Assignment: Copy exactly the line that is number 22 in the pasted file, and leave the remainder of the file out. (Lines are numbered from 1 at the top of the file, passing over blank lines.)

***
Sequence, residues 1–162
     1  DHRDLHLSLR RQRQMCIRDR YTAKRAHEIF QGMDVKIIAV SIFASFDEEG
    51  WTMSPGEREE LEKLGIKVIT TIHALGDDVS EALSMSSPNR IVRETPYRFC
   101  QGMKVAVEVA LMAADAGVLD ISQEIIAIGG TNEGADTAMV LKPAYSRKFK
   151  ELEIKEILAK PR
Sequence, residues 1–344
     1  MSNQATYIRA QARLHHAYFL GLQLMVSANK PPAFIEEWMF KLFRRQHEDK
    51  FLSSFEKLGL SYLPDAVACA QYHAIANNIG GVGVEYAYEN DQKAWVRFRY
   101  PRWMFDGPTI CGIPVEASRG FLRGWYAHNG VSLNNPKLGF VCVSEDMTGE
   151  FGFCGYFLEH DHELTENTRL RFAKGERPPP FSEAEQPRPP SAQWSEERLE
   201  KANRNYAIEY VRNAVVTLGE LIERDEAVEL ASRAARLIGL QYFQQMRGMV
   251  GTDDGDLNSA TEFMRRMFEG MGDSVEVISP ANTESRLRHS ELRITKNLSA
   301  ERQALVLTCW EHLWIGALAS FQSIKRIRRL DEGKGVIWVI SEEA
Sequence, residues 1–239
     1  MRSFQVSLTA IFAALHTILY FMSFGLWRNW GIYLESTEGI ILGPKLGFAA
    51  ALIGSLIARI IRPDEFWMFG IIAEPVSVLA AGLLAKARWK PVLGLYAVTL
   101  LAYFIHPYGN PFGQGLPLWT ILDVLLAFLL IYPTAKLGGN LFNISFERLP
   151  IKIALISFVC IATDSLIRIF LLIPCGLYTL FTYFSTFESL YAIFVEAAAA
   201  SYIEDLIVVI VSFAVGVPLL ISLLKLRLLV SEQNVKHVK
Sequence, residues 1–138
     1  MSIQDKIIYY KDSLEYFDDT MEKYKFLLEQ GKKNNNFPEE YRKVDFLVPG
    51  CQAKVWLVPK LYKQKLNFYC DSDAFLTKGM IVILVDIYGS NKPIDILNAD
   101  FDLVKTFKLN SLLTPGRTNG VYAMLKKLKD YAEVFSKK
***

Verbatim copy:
    51  CQAKVWLVPK LYKQKLNFYC DSDAFLTKGM IVILVDIYGS NKPIDILNAD